Attorney Report Finds Mitsubishi Did Lie About Vehicle Mileage


Mitsubishi Motors Corp. asked a group of attorneys to look at claims of mileage cheating that involved the Japanese automaker. What they found is that the company had set unrealistic goals that employees couldn’t say no to.

In April, the Tokyo-based automaker said it had falsified its mileage information on its eK Space minicars and eK wagons that Nissan Motor Co. produced. The panel found that this falsifying of information has gone on for more than 20 years, and it was done systematically and extensively. And, it only increased as time went on.

The investigation involves interviews from over 150 people, and it uncovered the issue that the company had no system in place to keep eyes on the team that was hired to better mileage. According to the company, employees felt no obligation to obey the law or repair the problems – each department felt concerned by its own performance.

The 37-page report said the company employees did not feel they had to work as a team to create and sell the cars.

The government had previously found Mitsubishi had lied about the mileage on its vehicles by 16 percent.

Mitsubishi Motors, which creates the i-MiFV and the Outlander SUV, has years of consumer confidence problems after the early 2000s cover-ups issues that included faulty clutches, failing brakes, and faulty fuel tanks.

Panel members said, although they’ve made recommendations, they don’t think the company will follow them as they haven’t in the past.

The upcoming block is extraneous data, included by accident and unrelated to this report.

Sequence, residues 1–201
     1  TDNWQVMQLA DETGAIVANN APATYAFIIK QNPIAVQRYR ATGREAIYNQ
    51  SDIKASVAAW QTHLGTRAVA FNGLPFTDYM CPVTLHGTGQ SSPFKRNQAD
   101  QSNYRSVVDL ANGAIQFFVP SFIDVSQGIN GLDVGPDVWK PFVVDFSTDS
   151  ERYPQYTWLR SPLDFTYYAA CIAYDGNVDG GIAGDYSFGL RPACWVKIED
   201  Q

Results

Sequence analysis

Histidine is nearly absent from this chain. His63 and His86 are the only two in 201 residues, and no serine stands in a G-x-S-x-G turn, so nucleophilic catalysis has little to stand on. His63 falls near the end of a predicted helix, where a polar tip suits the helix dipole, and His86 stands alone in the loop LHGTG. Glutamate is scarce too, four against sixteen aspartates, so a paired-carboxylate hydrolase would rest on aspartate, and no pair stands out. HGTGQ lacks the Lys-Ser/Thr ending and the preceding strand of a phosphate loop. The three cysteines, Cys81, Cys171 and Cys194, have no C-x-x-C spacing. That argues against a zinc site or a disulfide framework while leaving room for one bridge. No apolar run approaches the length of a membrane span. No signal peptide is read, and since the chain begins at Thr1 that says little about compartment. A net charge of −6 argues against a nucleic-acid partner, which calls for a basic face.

After the public announcement had been made about the issue, Nissan said it took a more than 30 percent stake in Mitsubishi to assist in its recovery. The scandal only came to light after Nissan, which had sold Mitsubishi minicars under its name, carried out its own tests and found the data discrepancies.

According to Mitsubishi, it never lied about its models’ mileage for those sold overseas, but it was offering a cash rebate to Japanese customers who purchased the vehicle where it had inflated the mileage to cover the additional cost of gas.

Osamu Masuko, chairman for Mitsubishi and who helped finalize the deal with Nissan, said he would find out who the managers were responsible for the cheating and penalize them. He also apologized to the public and said it’s a new beginning for the company has a vehicle manufacturer.

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